New Orleans Music – Unending, Unknowing

“New Orleans is two cities now—one inching toward renewal, the other caught in what David Winkler-Schmidt of the local Gambit Weekly called ‘the horrible unending of not knowing.’ Already Gambit’s music section lists my favorite clubs hosting my favorite bands, many of whose members travel from Atlanta or Baton Rouge for gigs. But the great body of culture that long inspired and still shapes the sound of American music—in the form of jazz musicians, Mardi Gras Indians, Social Aid and Pleasure Club second-liners, neighborhood brass bands, and up-from-the-projects MCs— remains stuck in that unending.”

Did Britain Miss Out On The Last 150 Years?

There’s an outstanding new Van Gogh exhibition at a suburban London museum, but to some in the UK art world, such chances to view the work of a French master only serve as a reminder of how previous generations of Brits managed to almost completely ignore important developments taking place on the European continent. “Were we really the only nation to turn its collective back on each new movement in art as it arose, from Impressionism and Post-Impressionism to Fauvism and Cubism? … with a few exceptions, English collectors lacked the courage to purchase modern paintings, and that is why there are relatively few of these pictures in our national galleries as compared to Russia or the US.”

If You Build It, They Still May Not Come

The challenge of creating a dynamic and thriving downtown center in Los Angeles is not limited to the pursuit of high-profile architecture and pedestrian-friendly plazas. “The developers must lure back the kind of high-end retailers who began abandoning downtown Los Angeles 50 years ago… Throughout downtown, developers are finding it is a lot easier to lure well-heeled condo buyers to the urban core than businesses. In what some see as an ominous sign, some of the historic bank buildings converted into lofts have filled their upper floors with new residents but have failed to find retail tenants for the street-level spaces.”

NY Phil Wants A Summer Venue

“The New York Philharmonic is stepping up efforts to create an outdoor concert venue for summer concerts… Public relations consultant Howard Rubenstein is working on behalf of the orchestra to enlist New York mayor Michael Bloomberg’s support for a new venue within the city limits… The Philharmonic currently plays summer concerts in Central Park and other parks around the metropolitan area, but the city has no permanent outdoor music venue along the lines of suburban Chicago’s Ravinia Festival, Cleveland’s Blossom Festival, or Los Angeles’s Hollywood Bowl.”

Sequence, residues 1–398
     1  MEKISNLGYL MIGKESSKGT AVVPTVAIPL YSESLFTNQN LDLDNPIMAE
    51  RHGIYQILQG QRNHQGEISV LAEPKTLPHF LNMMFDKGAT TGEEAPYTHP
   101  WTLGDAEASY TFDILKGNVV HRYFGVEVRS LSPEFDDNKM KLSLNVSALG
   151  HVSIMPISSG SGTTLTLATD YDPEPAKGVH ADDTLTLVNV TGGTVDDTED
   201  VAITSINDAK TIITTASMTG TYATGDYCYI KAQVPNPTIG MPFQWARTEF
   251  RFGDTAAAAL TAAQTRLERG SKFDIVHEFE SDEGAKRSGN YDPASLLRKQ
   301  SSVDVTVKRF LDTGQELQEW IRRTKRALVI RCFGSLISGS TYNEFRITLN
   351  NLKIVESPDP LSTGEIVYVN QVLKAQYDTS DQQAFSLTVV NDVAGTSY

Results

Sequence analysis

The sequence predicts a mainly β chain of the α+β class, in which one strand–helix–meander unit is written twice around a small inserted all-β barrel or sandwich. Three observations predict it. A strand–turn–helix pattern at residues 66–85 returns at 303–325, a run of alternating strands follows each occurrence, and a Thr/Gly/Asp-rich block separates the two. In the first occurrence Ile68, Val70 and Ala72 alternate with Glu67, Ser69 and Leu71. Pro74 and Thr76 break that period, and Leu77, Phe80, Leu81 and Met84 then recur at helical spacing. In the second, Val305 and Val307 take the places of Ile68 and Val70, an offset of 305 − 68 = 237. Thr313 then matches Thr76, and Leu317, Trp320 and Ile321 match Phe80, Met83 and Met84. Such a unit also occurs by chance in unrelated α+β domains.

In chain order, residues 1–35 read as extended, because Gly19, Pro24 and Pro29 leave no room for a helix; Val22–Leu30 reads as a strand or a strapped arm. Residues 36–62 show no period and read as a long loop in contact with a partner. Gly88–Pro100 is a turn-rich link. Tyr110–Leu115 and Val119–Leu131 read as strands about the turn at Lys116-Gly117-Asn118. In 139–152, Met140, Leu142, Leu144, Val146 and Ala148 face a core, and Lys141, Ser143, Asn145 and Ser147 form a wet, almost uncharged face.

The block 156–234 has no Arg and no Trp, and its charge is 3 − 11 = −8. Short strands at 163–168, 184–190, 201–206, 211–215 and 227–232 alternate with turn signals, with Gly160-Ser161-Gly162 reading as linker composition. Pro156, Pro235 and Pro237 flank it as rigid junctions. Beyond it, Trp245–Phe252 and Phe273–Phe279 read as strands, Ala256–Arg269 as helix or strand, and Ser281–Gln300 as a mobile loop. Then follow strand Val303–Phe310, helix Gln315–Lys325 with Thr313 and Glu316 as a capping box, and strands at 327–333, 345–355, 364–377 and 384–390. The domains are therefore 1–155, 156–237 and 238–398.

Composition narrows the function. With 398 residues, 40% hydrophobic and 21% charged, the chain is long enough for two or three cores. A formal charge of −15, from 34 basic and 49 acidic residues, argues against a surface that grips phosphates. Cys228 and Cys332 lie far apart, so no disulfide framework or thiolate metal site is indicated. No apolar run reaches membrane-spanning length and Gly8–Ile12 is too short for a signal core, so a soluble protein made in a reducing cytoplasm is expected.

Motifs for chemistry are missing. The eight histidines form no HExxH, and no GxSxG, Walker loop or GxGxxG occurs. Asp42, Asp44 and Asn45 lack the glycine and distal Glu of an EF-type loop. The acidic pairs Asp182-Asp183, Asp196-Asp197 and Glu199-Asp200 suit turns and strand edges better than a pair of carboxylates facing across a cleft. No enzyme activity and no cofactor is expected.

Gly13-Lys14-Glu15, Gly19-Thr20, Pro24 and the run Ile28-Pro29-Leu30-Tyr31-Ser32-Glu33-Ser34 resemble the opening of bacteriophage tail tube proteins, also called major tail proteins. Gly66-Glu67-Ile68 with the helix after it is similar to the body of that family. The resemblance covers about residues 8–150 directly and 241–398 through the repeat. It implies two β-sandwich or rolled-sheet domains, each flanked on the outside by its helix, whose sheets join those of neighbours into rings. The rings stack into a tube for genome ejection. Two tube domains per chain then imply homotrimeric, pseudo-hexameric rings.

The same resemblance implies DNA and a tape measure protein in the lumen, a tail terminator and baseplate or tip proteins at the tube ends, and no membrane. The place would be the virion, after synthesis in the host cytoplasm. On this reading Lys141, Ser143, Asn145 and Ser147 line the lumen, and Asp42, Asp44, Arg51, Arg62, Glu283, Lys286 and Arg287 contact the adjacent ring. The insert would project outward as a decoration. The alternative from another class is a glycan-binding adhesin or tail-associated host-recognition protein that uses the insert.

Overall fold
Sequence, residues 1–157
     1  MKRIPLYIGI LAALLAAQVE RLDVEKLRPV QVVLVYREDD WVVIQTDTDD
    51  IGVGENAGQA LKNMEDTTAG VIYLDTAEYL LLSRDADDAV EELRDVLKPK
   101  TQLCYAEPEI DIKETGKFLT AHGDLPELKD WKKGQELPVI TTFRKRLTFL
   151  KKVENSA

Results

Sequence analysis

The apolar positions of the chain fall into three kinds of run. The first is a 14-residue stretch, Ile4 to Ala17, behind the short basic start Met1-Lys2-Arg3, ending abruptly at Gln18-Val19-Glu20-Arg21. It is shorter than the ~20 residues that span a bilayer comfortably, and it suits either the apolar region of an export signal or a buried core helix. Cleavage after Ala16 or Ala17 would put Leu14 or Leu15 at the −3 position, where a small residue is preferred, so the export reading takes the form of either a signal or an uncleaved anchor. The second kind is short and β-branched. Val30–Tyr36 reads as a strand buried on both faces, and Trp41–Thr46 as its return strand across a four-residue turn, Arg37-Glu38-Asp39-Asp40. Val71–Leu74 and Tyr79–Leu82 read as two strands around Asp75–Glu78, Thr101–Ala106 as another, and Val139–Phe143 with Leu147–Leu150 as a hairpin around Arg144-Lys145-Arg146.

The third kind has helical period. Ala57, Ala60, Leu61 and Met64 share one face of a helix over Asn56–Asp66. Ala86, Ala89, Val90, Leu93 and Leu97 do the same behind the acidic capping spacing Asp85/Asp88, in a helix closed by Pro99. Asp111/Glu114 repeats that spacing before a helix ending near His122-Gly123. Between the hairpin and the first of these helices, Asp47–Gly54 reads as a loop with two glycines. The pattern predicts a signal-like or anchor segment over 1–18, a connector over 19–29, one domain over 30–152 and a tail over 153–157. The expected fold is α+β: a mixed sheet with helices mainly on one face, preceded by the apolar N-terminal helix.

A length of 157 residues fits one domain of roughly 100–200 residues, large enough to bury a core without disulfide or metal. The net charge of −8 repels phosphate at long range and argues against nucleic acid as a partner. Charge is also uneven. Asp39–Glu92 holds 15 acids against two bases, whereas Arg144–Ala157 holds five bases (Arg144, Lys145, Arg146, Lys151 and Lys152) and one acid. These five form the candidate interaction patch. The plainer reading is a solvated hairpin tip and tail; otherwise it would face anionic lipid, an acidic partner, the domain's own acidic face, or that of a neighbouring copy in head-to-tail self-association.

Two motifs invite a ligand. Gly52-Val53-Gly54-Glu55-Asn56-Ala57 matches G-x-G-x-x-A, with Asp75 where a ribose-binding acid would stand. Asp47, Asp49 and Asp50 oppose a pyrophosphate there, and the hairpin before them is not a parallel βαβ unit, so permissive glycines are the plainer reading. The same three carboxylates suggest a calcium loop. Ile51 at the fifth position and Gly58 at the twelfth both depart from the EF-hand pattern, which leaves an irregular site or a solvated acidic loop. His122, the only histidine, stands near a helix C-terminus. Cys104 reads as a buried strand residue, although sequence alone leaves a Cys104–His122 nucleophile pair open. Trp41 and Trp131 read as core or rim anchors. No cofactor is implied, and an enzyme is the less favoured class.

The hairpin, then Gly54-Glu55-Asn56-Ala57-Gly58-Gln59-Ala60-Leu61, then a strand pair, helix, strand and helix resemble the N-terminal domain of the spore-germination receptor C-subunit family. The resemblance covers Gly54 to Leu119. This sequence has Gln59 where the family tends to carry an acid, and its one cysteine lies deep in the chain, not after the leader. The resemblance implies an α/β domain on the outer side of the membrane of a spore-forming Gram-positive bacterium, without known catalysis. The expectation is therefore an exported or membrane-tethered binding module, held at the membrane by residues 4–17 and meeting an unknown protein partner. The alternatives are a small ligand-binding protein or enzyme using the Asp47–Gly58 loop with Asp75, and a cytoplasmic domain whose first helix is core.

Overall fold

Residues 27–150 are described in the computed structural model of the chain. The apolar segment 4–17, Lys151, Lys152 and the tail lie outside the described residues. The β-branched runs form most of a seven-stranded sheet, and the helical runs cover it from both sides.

Knussen Wins $100K Prize

Oliver Knussen has been awarded Northwestern University’s biennial $100,000 Michael Ludwig Nemmers Prize in Musical Composition. “Knussen was praised by the anonymous, three-member selection committee for his ‘uniquely focused, vibrantly varied music and his total embrace—as a profoundly influential composer, conductor, and educator—of today’s musical culture.’ One of Knussen’s works will be performed by the Chicago Symphony Orchestra during the 2007-08 season; he will also visit Chicago for a residency at Northwestern’s School of Music.”

Scottish Opera’s Year Of Reckoning

Scottish Opera is performing again after its forced 1-year hiatus (imposed when the Scottish government refused to fund the company until an accumulated debt was paid off,) but the company has clearly been decimated. “The spiral of decline into which Scottish Opera has fallen in recent years has reached the make-or-break stage. Funding may have been guaranteed till mid-2008, but the next 12 months will decide whether the company continues as a main-stage entity or shrivels into a touring outfit. Scotland’s political class would tolerate the latter, and even encourage it.”

Rachel Corrie Gets A Reading In Toronto

“The script of My Name is Rachel Corrie, a controversial play about the 23-year-old American activist who died in Gaza during a political demonstration in 2003, received a private reading without incident at Hart House on the University of Toronto campus Sunday night… While the play ran successfully in London for many months, a proposed production at the New York Theatre Workshop was cancelled shortly before its opening, because of fears that it would exacerbate ‘an edgy situation’ within the Jewish community. This cancellation sparked a worldwide controversy, with heated voices being raised on both sides. In light of that reaction, the Toronto organizers decided to make Sunday night’s reading by invitation only.”

The Man Who Might Save Canadian Film

The new head of Telefilm Canada is taking on more than a simple CEO’s job. On his shoulders rest the hopes and dreams of Canada’s entire filmmaking community, and if that seems hyperbolic, you probably aren’t acquainted with the struggles of filmmakers north of the border. “As Telefilm’s newly minted go-to guy for approving and funding English-language features, [Michael Jenkinson] replaces an antiquated (and generally loathed) national decision committee which had been responsible for spreading around roughly $80-million a year.”

A (Last?) Look At Endangered Languages

“By the end of the century, linguists predict, half of the world’s languages will be dead, victims of globalization. English is the major culprit, slowly extinguishing the other tongues that lie in its path… In the next two weeks, however, some of these endangered idioms can be heard at two international literary festivals that celebrate languages big and small, as well as the power and resilience of words themselves.”